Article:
Therapy Dogs Make Life Better: A Helping Paw

Therapy Dogs Make Life Better: A Helping Paw
Walking into Realtor Ann Whalen’s office, I’m greeted by Nimitz – a 4-and-a-half-year-old English cream golden retriever with the kind of chocolate-brown eyes that make you melt like a popsicle left on a Lowcountry dock. He doesn’t bark, dart toward me or jump to make my acquaintance but rather saunters over to the door and gazes out the window to calmly take in the sight of geese congregating by a nearby pond. I can tell by his demeanor he’s enjoying the view. While other dogs may have let out a howl and doused the door with drool in an attempt to make their way out to the feathered flock, he sits and stares – perhaps daydreaming of long rides in the family golf cart.

A Therapy Dog visits with an older woman“He didn’t pass puppy training,” recalled Whalen, his owner. “If the pack went left, he went right.”

Despite his rebel spirit – apparent from birth – Nimitz has transformed into one of the top therapy dogs in the region. On one occasion, he didn’t even flinch when faced with the weight of a walker on top of his tender tail.

“You just have a purpose when you have a dog,” said Whalen. “Nimitz is so loving. Keeping up with his schedule and working can be a lot. Some days, he seems to be busier than me.”

Whether he’s visiting folks at the senior center or leaving neighbors in a state of glee, Nimitz’s very presence seems to off er a sense of relief and tranquility. This therapy dog even provides camaraderie for a cat, Meezer, that shares his Awendaw home.

Therapy Dogs bring joyThis summer, Nimitz will have the opportunity to play alongside some truly exceptional kids at Camp Rise Above – a program held at James Island County Park for those dealing with everything from brain tumors to sickle cell anemia. The camp is broken down into seven sessions of two full days, each catering to a different group of campers with a specific condition. Participants will stretch their creativity with arts and crafts and build strength in the water with paddle boarding sessions. They will also get the opportunity to meet amazing canines like the endearing Nimitz.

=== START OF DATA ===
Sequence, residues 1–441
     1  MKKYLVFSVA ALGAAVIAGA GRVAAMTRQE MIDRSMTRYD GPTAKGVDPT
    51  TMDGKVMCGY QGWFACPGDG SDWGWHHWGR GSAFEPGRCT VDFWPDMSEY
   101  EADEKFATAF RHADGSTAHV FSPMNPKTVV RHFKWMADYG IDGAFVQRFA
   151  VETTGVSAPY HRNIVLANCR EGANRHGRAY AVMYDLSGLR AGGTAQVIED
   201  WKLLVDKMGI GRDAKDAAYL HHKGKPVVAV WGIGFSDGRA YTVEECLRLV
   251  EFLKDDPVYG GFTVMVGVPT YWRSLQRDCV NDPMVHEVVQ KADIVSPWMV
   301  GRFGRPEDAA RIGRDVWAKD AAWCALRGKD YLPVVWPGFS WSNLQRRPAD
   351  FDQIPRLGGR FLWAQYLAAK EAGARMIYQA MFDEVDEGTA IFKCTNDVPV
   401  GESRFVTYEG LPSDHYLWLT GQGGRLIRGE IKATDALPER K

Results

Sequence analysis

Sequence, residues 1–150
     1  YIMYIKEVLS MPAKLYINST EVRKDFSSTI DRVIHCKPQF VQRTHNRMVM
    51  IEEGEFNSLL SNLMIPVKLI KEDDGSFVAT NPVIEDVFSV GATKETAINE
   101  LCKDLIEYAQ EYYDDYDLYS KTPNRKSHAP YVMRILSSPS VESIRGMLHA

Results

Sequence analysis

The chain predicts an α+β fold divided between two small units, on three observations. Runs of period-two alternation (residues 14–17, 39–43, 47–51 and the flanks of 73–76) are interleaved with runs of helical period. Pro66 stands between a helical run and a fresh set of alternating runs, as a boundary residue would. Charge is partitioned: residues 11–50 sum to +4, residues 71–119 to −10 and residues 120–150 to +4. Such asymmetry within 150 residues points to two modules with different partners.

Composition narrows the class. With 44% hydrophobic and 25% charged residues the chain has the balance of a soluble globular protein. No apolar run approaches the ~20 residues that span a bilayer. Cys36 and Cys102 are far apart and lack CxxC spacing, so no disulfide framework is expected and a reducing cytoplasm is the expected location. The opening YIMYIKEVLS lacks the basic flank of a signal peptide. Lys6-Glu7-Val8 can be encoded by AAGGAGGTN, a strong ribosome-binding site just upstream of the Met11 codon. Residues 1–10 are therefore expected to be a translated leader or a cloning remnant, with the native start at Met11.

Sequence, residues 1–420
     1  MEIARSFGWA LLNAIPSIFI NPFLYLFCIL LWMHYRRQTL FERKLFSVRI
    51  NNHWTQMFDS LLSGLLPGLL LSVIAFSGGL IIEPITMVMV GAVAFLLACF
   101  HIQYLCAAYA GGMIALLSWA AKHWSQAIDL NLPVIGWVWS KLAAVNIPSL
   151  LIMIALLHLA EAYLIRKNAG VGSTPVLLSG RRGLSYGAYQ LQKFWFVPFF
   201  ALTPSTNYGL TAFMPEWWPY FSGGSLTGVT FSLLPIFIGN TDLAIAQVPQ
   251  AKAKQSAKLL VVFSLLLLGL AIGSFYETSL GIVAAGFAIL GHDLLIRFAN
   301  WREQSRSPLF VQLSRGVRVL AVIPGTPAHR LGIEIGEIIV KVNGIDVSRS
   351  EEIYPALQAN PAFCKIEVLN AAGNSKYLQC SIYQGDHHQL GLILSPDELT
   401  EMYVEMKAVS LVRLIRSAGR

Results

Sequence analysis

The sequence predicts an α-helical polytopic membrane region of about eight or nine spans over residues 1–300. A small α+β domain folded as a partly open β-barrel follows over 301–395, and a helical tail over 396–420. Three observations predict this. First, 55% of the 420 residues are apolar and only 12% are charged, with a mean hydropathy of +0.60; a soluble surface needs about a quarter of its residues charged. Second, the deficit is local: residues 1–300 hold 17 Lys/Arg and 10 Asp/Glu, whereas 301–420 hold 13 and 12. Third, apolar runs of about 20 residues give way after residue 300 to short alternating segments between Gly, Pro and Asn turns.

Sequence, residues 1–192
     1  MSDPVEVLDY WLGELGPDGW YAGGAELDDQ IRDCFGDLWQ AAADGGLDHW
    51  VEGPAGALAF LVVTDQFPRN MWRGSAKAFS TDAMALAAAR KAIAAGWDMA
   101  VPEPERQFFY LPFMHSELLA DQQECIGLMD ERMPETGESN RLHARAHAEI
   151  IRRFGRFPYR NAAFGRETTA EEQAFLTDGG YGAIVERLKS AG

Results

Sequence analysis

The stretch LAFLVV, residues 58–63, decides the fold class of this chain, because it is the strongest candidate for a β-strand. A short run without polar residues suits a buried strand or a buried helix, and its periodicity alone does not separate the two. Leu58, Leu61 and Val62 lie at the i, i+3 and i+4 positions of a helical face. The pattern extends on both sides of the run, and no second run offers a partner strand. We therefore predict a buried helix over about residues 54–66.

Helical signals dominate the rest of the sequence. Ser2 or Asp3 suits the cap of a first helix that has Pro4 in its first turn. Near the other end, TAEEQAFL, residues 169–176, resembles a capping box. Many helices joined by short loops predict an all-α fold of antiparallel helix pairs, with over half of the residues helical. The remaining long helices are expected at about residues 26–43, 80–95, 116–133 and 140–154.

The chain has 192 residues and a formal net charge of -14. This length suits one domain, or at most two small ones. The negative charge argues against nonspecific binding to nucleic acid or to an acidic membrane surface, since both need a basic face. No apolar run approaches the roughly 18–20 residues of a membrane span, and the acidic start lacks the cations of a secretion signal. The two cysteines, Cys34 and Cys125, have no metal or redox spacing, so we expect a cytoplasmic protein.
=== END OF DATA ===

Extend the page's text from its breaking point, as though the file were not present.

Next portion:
“We are very excited about this opportunity,” said Whalen, who spent years working with children at a similar sleep-away camp in North Carolina. “We hope to one day get him into a program at MUSC Children’s Hospital.”

He already visits hospice every week and brings a bit of cheer to patients and family members during the most stressful times of their lives.

“He goes to each room and rests his head on the patient’s bed,” said Whalen.

Recently, while visiting with an Alzheimer’s patient, Nimitz’s presence jolted his memory. A veteran, the man became lucid, carried on conversations and even commented on the fact that Nimitz’s namesake was an esteemed fleet admiral who fought in WW II.

“When I put his therapy collar on, he is a totally different dog,” said Whalen, who brings Nimitz to a refresher course at Alpha Dog Training every six months. “He knows it’s time to go to work.”

While therapy dogs bring joy to those struggling with grief, illness or emotional upset, they also are helping kids increase their own literary confidence. We all remember the early days of childhood where sounding out words and reading aloud to a group of our peers could possibly bring on anxiety. What if your reading partner had a shiny coat and a nonjudgmental stance? Therapy dogs make monthly appearances at libraries, such as Mount Pleasant Regional and Edgar Allen Poe on Sullivan’s Island, to participate in reading programs designed to help children excel.

“Dogs don’t criticize or laugh when one makes a mistake,” said Cynthia King, president of Southeastern Therapy Animal Resources. “Also, there are children who come who are afraid of dogs. It is fun to watch a shy child want to come up to pet our dogs.”

King is the proud owner of two standard poodles, Pete and Holly, that accompany her to hospitals, assisted living facilities and schools all across the Lowcountry.

“As a founding member of STAR, I’ve watched it grow from seven people sitting on a porch, deciding to start a therapy group, to around 80 members,” said King. “Just knowing how many teams we are helping in the community is satisfying.”

Think your pooch has what it takes to bring smiles to faces throughout the area? King encourages community members to reach out and get involved.

“There is no one breed or size of dog that makes a good therapy dog,” said King. “All that is needed is a trained dog – one that enjoys being petted.”

From Great Danes to basset hounds, the number of shapes a therapy dog can take is about as varied as the people and ailments they can help.

By Kalene McCort